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A landscape of lush wilderness and extraordinary natural beauty, Taman Negara is Malaysia's largest national park. Zulkifly Ab Latif goes on an unforgettable inner jungle tour "WE are barely 3km inside," answers Tam, a freelance nature guide for Taman Negara Kuala Tahan when I ask him how much further to our destination. He looks at me with a faint smile as I chug down what's left of the 1.5-litre mineral water in my hand. Obviously Tam is quite accustomed to the tropical humidity of Taman Negara's jungles while the rest of us are not. The four of us are on a 2D1N Inner Jungle Tour, organised by Wild Travellers Sdn Bhd, a traveI operator based in Kuala Tahan.
I chuckle and shake my head thinking about the 6km we still have to cover. The tall rainforest canopy towers above us while the air buzzes with all manner of insect sounds. Our destination is Gua Kepayang Besar, a grand cavernous limestone cave that can only be reached by a boat ride up Sungai Tembeling to Kuala Keniam and followed by an 8km hike. Located deep in the country's oldest national park, the cave is named after the Kepayang tree that produces a fruit that is deadly when raw but is used for food when cured properly. According to Tam, the chamber of the cave is almost the size of a football field and can host almost 300 visitors. Carved and sculptured by the elements and the passage of time, this limestone cave is perhaps one of the more adventurous and challenging spots to visit within the national park. It makes sense then that the package to visit the cave is marketed by Taman Negara operators as the Inner Jungle Tour. Reaching the cave of Kepayang Besar after the long hike, Tam tells us to unload all the supplies and items handed to us at Kuala Tahan near the beginning of the journey. Emptying my pack and spreading them out on the groundsheet laid on the cave floor, I see food items, mineral water, eating utensils, candles, sleeping mats and sleeping bags. Utilising what daylight is left, Tam proceeds to prepare for tonight's dinner with help from the group. Lit by the warm glow of candlelight and headlamps, dinner is a humble but delicious spread of steamed rice, chicken soup and fried eggs, all of which taste more satisfying knowing that we helped carry them through the jungle.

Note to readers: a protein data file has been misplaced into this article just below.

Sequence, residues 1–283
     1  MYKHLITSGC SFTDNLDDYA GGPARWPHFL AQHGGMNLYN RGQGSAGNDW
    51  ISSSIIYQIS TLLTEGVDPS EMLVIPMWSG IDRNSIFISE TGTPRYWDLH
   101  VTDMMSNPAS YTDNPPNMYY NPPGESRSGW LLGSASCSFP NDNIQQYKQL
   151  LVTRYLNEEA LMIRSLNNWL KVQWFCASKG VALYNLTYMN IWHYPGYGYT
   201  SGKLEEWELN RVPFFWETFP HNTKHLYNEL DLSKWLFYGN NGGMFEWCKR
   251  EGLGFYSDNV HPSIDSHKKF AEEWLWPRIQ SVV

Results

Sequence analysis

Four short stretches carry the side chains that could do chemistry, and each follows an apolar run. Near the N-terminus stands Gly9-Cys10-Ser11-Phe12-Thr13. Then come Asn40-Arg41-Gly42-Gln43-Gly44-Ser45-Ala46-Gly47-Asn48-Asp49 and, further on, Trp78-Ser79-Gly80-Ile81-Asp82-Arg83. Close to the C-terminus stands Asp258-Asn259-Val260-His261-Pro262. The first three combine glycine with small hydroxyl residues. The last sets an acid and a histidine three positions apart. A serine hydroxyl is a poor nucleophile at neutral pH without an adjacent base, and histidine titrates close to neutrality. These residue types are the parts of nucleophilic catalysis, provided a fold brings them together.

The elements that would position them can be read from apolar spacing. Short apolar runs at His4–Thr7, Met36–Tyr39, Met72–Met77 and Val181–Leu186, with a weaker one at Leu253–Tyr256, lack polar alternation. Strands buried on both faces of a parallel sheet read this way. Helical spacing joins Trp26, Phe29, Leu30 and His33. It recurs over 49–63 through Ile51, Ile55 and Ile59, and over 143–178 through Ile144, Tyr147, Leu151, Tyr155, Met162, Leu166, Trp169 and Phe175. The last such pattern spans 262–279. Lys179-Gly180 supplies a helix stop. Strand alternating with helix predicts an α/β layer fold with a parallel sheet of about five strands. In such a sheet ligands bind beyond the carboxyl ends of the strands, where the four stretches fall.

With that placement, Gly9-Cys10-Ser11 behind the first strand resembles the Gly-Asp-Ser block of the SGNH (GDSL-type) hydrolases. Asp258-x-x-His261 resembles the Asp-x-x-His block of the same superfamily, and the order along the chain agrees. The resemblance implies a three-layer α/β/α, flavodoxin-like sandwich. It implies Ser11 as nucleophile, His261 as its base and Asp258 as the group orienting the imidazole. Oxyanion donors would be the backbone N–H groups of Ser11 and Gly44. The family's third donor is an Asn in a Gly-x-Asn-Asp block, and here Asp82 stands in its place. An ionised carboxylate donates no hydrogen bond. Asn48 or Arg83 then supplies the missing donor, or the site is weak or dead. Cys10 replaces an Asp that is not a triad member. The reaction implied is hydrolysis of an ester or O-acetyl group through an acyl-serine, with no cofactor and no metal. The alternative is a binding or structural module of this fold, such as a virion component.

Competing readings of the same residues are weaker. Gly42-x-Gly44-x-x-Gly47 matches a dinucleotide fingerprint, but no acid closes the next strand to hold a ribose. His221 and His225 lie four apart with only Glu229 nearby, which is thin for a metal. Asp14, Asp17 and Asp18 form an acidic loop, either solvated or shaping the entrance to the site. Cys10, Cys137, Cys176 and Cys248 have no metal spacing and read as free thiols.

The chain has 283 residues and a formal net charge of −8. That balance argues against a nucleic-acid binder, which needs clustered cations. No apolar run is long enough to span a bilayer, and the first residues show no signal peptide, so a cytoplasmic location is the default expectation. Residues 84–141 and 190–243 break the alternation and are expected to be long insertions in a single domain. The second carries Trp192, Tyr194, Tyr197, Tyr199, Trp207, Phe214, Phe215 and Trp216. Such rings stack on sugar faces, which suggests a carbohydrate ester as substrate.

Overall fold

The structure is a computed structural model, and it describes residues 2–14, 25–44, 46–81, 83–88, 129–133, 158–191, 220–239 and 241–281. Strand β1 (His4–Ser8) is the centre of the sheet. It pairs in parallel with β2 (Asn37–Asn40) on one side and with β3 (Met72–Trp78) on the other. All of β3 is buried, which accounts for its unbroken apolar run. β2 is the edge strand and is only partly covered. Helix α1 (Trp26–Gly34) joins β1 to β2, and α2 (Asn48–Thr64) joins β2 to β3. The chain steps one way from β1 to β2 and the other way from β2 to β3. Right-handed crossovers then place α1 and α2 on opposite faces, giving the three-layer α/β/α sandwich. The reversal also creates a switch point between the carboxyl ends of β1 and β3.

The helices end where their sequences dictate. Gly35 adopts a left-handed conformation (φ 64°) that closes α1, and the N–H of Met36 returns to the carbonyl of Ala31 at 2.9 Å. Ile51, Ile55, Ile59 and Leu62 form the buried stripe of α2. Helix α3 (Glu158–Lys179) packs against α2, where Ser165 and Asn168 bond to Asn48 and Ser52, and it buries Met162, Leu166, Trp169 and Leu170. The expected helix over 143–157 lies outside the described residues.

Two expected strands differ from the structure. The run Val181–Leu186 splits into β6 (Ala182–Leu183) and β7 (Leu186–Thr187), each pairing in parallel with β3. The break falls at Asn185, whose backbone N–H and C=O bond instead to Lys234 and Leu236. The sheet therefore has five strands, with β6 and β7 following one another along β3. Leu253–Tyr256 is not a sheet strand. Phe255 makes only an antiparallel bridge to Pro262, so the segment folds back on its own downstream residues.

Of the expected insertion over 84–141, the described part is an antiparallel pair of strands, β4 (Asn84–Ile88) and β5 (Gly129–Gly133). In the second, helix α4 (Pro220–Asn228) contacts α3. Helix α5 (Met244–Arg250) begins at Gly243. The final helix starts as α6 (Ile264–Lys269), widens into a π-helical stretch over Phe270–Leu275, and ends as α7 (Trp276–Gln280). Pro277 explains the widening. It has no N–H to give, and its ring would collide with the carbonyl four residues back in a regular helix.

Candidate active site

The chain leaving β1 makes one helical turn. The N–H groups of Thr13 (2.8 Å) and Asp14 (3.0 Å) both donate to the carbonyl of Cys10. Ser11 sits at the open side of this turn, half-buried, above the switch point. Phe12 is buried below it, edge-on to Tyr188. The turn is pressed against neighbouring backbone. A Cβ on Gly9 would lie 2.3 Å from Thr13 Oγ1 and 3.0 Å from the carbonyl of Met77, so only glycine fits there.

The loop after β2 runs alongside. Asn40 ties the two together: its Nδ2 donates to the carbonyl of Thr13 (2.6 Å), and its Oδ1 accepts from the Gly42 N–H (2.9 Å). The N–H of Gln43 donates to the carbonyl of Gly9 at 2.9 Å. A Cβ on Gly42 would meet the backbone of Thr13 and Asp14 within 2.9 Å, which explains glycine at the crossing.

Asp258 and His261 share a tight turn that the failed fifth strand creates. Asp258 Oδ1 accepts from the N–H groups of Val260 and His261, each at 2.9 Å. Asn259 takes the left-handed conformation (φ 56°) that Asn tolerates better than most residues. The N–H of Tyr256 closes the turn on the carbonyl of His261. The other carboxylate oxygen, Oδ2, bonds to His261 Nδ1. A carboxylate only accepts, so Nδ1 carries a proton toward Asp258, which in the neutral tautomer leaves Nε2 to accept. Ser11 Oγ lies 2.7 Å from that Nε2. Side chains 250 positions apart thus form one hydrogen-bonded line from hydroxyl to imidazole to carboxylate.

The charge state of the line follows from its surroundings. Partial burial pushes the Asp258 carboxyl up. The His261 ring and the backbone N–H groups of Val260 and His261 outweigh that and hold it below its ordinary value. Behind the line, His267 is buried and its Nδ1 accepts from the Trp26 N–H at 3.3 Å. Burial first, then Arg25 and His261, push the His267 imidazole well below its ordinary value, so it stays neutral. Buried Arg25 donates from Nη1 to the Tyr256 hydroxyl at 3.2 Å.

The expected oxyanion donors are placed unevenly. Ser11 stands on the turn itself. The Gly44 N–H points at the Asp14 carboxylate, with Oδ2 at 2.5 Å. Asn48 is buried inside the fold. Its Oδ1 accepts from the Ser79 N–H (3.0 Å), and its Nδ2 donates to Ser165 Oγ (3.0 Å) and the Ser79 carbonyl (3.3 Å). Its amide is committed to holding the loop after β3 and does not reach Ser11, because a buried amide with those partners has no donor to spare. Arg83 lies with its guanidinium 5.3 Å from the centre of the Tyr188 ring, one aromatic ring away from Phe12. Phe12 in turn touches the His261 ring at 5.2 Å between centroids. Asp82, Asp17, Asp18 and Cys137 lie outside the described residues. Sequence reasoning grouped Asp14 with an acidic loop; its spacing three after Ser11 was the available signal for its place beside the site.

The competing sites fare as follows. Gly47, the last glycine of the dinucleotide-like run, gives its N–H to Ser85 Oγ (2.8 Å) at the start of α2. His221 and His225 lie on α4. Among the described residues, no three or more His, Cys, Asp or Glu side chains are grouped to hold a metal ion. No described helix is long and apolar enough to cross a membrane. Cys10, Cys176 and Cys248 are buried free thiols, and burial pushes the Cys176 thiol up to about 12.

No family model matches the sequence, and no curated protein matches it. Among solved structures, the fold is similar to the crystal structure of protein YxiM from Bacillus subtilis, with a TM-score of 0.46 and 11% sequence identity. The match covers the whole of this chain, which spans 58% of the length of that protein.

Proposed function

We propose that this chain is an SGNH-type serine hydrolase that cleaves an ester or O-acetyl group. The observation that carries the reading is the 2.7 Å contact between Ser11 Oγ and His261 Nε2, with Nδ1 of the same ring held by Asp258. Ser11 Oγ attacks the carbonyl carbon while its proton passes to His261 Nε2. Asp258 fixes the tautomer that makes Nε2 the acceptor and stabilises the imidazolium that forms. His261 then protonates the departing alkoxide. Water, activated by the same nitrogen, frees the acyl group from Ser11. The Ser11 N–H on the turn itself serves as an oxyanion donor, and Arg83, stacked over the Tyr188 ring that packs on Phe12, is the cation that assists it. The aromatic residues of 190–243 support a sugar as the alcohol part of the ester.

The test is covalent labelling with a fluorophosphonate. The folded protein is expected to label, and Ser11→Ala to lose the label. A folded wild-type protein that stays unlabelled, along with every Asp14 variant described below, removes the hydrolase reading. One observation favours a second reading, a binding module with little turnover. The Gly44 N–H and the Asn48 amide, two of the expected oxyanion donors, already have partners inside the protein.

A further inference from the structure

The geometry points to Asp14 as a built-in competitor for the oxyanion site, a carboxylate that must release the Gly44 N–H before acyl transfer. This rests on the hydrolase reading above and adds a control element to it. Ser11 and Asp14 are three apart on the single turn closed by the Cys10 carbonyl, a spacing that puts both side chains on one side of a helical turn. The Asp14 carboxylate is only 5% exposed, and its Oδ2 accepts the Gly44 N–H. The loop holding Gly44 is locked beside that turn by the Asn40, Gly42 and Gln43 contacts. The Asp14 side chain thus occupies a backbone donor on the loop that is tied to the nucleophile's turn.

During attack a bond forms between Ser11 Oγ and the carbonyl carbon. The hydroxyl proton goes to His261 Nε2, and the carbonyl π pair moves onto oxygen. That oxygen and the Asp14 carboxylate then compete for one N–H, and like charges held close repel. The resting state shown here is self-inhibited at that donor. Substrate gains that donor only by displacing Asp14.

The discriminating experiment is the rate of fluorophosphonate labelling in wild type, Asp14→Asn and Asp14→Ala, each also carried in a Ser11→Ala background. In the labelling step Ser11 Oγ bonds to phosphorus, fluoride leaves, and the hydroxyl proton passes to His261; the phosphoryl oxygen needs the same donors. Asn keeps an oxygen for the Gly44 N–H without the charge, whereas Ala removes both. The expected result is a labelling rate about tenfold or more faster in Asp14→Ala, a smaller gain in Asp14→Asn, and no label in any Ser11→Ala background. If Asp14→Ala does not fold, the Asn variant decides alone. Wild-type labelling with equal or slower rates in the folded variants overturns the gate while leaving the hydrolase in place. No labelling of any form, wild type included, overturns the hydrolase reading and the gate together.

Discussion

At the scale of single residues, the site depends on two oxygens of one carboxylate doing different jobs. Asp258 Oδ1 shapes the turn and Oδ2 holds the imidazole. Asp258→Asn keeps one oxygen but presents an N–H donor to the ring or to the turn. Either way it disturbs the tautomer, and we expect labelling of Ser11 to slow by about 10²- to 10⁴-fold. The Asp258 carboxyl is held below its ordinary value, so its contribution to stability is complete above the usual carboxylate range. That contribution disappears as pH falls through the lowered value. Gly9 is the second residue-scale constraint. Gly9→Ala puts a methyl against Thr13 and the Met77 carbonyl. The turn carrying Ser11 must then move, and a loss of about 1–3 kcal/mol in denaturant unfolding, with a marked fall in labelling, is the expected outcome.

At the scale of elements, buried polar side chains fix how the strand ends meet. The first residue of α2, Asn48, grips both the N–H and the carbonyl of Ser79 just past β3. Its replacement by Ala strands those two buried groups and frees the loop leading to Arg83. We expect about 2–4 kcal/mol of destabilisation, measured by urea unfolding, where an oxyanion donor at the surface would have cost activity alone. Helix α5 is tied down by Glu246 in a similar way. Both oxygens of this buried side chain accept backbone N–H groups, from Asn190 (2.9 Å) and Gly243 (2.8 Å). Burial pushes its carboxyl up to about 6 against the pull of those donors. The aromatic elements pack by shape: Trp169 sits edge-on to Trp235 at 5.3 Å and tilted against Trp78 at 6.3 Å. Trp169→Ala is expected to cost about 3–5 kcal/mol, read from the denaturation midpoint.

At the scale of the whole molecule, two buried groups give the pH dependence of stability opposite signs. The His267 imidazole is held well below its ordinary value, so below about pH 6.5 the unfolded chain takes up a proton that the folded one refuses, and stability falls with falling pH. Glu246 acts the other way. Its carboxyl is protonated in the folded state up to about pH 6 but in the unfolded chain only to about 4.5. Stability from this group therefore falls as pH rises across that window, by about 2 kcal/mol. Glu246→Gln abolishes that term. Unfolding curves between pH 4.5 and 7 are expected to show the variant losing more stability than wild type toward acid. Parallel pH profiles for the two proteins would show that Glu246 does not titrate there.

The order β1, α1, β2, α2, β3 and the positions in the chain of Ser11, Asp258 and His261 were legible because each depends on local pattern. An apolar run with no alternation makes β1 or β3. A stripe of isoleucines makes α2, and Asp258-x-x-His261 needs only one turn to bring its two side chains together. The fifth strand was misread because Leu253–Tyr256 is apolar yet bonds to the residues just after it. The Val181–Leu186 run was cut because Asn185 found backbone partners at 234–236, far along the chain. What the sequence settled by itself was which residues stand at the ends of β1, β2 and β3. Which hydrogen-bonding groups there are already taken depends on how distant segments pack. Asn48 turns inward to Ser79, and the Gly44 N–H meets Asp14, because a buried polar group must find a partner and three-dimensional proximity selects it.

We begin our second day with a self-prepared breakfast while the morning sun shines slanting columns of light into the cave. In stark contrast to the dim and dreary scenery welcoming yesterday's evening arrival, the cave of Kepayang Besar takes on an almost magical feel when illuminated by the morning light. I notice the many hues of colour on the limestone walls and rock formations as I explore the cavern. Needing to face another 8km for the return journey but this time to Kuala Terenggan, we begin our return trek after taking some photos. Twenty minutes into the trek, Tam suddenly stops and tells us to leave our backpacks on the side of the trail and follow him. He leads us through a smaller trail towards the entrance of another limestone cave which is a bit smaller.
Named Gua Kepayang Kechil, the cave is the smaller sister cave of Kepayang Besar and it is home to a large colony of bats, insects, cave racer snakes and even giant toads. Pressing on, we stop near the riverbank of Terenggan river around noon for a light lunch of instant noodles and a refreshing dip. Tam says our pace is good, seeing that we arrived at a rest point at the riverbank as scheduled.
Indeed, the Inner Jungle Tour is actually a well orchestrated adventure, not merely trudging mindlessly through thick impenetrable rainforest to sleep in a dingy cave. Although the total distance of the inner jungle hiking tour is 18km and may sound gruelling, the trail is actually moderate in difficulty and has well defined points of interests to take in the sights as well as to rest.
Having kept to the schedule of the tour, we have ample time to visit and explore the Batek Tribe settlement which is the last point of interest before returning back to Kuala Tahan by boat from Kuala Terenggan. The Batek, an indigenous tribe of hunters and gatherers, still lead a semi-nomadic life within the area of Taman Negara, Kuala Tahan.